To provide your calf with the highest amount of IgG absorption from a colostrum replacer or supplement, begin by evaluating its ingredient list. Look for a product that contains natural colostral fat, which is only found in pure bovine colostrum. Products made from blood serum or whey with added vegetable fats do not provide the same benefits as colostral fat when supplementing or replacing colostrum. Colostral fat is unique because it is the main nutrient that fuels immediate metabolism of brown fat to generate heat. Without colostral fat, a calf will deplete its body fat reserves within hours, heightening the risk of hypothermia. The amount of colostrum fed is positively correlated to heat production and body temperature regulation in newborn calves.
In addition, most colostrum products on the market have been stripped of many of the essential components that positively impact the calf’s health. To provide the greatest immunity and the highest quality colostrum, find a whole bovine colostrum – like our extensive SCCL colostrum lineup – that is USDA Vet Biologic certified, meaning it is tested against diseases including Johne’s and is regulated for quality.
The investment in a quality colostrum is an investment into the calf’s genetic potential. In one study, calves were given different volumes of colostrum at birth (as a percentage of their birth weight). Calves that received a higher volume of colostrum had higher average daily gains compared to calves the received a smaller volume of colostrum at birth (see Table 1).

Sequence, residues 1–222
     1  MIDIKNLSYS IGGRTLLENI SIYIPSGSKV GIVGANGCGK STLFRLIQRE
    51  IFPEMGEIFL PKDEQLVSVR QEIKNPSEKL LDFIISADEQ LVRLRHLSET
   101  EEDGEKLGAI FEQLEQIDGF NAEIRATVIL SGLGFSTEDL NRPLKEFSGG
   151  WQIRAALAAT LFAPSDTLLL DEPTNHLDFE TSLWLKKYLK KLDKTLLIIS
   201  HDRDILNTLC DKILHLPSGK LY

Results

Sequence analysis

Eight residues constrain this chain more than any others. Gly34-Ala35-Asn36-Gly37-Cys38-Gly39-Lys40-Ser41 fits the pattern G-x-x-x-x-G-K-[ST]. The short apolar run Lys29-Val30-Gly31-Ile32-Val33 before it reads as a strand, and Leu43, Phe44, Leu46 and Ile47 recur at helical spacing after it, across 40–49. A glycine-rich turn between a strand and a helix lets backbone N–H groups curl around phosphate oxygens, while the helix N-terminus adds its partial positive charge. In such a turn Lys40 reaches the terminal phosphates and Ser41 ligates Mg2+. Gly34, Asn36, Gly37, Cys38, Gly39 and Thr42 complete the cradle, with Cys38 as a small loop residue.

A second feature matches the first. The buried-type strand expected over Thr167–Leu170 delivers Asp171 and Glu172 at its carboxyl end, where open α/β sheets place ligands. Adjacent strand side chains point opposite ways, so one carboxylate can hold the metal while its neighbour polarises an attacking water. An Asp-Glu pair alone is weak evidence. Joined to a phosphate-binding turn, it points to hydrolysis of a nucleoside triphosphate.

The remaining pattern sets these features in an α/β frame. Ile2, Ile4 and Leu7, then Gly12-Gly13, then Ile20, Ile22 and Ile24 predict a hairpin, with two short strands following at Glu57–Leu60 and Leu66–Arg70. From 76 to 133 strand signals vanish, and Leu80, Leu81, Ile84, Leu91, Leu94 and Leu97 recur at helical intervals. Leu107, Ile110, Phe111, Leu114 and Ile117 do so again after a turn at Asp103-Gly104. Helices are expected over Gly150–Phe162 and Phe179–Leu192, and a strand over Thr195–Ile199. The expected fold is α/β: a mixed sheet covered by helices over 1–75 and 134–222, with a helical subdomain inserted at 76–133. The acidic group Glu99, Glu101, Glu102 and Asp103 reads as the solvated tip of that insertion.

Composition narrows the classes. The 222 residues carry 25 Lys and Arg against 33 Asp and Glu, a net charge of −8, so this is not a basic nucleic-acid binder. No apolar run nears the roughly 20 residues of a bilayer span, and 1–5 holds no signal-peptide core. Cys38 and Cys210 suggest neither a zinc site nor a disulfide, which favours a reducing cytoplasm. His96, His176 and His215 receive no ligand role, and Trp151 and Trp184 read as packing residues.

Table 1. Growth and intake of dairy calves fed different volumes of colostrum at birth1
Give a get-up-and-go energy source
Calves born under less-than-ideal conditions (such as harsh weather, a hard pull or c-section, or a calf that is just slow to get up and nurse after birth) may need a quick energy boost to help them overcome stress.
In this case, consider adding a high calorie, colostrum-based paste to your calving toolkit, such as Push™ calf nutritional paste. This quick energy source helps calves metabolize brown fat tissue and thermoregulate their body temperature. Note that this energy source is not an alternative to colostrum; instead, it’s another tool to help calves with thermoregulation if they are chilled or born during harsh weather or stressful conditions.
Start with a healthy gut